1st Global Conference
Friday 25th September – Sunday 27th September 2009
Mansfield College, Oxford
in association with Models 1: Europe’s Leading Model Agency
Gastronomic Fashions, Luxury Concepts, Consumption Practices and the Construction of Identity
This contribution studies the new gastronomic fashions and how through innovation of luxury concepts and consumption practices, mentalities change and new identities are built by means of food.
Gastronomy is seldom analysed within the complex of fashion, luxury, consumption and identity. The Luxury concept changes with time, age, social class and contains notions of excellence, exclusiveness and identity construction. Its changes are important in this context because gastronomy and high quality alimentary products are considered to be the “nouvelle industry du luxe” (A. Duchasse). Consumption practices are observed here because of the close metaphor between eating and consuming and of the tight ties between food and identity formation, suggesting that identities are also built and altered by means of food.
Gastronomy, a fundamental element to define one’s historical identity, has been transformed by new ways of eating, new ideas on luxury food and new gastronomic fashions. A new cooking aligned to modern taste developed, with simple preparations, seasonal products and creative techniques. Gastronomic tourism grew with the restaurant guides, the “starisation” of the chefs and the request for new eating experiences. Luxury food (truffle, oysters) is not necessarily synonymous with excellence. Other qualities, like freshness or skills in cooking, are crucial for the new fashion, whose necessary requisites are changes in mentality and a renewal of taste, focused on the excellence of the food. The Italian Slow Food Movement promotes a “democratic” excellence of food, the protection of the world’s eno-gastronomic patrimony and the preservation of local cooking. This regional cuisine is used by urban modernity as an invented myth of traditional cooking to re-invent a cultural identity. The consumption of “foreign” food as well, re-discovered as luxury food for a cosmopolitan elite and new gastronomic fashion produces a global food consumer and constructs a new transnational identity. The consumption of food is thus a way to imagine culture and to assert an idea about luxury, which brings about the evolution of mentalities.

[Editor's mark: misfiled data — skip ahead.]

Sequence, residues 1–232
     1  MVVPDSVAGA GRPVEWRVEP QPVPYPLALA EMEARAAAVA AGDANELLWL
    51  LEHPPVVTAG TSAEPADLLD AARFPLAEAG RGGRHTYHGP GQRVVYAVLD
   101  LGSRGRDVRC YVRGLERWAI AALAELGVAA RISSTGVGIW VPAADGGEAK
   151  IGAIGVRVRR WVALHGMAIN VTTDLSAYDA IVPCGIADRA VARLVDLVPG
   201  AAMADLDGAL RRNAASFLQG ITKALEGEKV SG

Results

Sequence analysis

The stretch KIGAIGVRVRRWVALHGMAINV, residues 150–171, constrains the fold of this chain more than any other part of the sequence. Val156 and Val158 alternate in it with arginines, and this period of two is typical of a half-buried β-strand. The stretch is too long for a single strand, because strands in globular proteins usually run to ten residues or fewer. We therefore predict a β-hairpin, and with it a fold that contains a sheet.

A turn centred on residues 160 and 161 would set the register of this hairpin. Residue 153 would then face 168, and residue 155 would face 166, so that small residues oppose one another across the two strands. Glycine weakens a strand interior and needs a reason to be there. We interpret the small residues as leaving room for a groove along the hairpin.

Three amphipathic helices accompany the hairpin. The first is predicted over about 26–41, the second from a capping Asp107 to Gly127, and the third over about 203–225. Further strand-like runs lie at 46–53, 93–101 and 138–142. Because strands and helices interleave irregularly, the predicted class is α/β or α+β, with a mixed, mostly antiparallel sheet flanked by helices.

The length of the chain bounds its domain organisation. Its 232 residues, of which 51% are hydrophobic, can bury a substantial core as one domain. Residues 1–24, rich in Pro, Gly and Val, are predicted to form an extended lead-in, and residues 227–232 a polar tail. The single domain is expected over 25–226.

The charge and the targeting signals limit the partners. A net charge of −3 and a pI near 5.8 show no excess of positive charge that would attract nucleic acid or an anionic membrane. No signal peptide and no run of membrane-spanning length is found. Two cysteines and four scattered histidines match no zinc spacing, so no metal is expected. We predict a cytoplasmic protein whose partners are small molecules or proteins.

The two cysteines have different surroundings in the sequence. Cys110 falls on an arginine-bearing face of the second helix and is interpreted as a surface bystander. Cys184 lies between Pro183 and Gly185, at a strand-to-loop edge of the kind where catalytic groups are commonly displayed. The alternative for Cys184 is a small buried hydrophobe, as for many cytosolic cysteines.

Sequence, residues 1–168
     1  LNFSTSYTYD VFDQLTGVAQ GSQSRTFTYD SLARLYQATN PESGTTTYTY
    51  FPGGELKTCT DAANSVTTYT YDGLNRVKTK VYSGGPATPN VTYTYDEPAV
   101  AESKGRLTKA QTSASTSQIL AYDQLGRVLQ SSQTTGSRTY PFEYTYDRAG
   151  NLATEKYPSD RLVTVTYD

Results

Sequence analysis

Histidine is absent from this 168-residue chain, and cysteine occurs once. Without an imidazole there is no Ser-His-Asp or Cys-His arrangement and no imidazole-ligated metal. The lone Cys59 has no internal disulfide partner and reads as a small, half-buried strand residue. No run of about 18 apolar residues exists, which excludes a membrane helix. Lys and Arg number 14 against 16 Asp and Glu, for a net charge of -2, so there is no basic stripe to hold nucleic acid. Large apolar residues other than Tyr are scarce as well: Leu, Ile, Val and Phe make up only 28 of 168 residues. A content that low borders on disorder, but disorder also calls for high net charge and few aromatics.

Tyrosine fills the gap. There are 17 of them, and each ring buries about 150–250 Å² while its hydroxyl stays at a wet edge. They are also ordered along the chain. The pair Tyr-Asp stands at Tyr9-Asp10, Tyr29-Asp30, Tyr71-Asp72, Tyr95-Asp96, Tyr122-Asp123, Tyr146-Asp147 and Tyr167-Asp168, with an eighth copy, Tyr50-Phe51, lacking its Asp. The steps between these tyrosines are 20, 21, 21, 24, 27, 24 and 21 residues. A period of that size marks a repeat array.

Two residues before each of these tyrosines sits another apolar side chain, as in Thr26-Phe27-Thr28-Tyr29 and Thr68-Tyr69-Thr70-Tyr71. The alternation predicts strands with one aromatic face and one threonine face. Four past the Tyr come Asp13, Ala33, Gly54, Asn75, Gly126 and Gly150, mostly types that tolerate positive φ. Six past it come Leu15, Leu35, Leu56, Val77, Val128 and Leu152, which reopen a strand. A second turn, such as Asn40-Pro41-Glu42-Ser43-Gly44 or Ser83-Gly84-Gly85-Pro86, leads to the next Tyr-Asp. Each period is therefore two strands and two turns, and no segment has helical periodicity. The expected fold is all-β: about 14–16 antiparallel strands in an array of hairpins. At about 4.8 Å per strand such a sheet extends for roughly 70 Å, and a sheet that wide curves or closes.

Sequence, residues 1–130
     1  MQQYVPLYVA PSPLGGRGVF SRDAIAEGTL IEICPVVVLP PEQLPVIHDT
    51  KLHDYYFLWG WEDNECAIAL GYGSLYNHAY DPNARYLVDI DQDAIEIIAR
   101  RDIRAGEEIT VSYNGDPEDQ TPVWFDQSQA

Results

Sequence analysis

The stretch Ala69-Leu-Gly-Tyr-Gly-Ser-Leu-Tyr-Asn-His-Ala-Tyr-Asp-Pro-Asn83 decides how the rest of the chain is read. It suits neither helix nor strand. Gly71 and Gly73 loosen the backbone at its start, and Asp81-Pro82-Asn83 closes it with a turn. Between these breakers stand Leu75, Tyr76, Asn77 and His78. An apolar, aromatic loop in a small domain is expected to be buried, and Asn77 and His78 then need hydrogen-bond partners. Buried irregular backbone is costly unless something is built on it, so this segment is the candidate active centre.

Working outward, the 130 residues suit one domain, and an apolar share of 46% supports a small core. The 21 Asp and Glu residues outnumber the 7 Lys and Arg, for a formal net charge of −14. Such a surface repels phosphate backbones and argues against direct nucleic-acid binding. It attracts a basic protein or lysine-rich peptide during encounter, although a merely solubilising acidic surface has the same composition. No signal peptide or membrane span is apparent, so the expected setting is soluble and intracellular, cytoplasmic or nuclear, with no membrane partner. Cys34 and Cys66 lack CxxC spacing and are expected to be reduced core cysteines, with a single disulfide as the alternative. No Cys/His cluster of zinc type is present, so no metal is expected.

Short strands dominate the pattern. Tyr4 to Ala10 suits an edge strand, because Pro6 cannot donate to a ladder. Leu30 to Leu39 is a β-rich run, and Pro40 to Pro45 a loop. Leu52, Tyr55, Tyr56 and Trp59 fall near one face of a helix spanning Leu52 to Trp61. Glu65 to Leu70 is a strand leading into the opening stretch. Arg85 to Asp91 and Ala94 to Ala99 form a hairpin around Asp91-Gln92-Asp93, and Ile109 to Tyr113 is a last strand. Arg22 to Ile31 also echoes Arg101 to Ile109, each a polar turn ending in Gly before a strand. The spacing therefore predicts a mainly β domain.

Defining the Fashion City: Fashion Capital or Style Centre?
Nathaniel Dafydd Beard
Creative Practitioner and Writer, London, UK
Paris, London, Milan, New York and Tokyo: this is the familiar roll-call of grand fashion capitals as we know them today. Each has striven to attain, and indeed maintain, its place in the hierarchy of style. Yet what is a fashion capital? What makes a city a fashion city? The city is a site for both the production and the display of fashion, from shops and factories, through to bars and the street. Although many authors have described fashion cities, including Benjamin (2002), Breward and Gilbert (2006), O’Neill (2007) and Steele (2006), an exact definition of the fashion city has proved elusive.
Towards forming a definition of the fashion city, this paper will address how the culture of fashion is used in the promotion of the economic and cultural vitality of a city. Fashion today is packaged and sold as a commodity, not only as a physical object, like a dress or a coat, but also as a cultural commodity used to promote a community, a city or a nation. This may take shape in the form of Fashion Weeks or advertising campaigns. Yet, what does this cultural commoditisation mean to the citizens and visitors to the city? What sense of identification or belonging does it engender?
In a globalised world, a sense of the local remains as pertinent as ever. In the 1980s a new kind of fashion city, the style centre, emerged to challenge the impersonality of the fashion capital. Antwerp and Copenhagen, for example, demonstrate how smaller, nimbler cities, can become style leaders in their own right. Could these cities usurp the fashion capital status of Paris? Outlining how the style centre has come to gain influence, this paper will conclude with an insight into possible future developments for the changing hierarchical scope of the fashion city.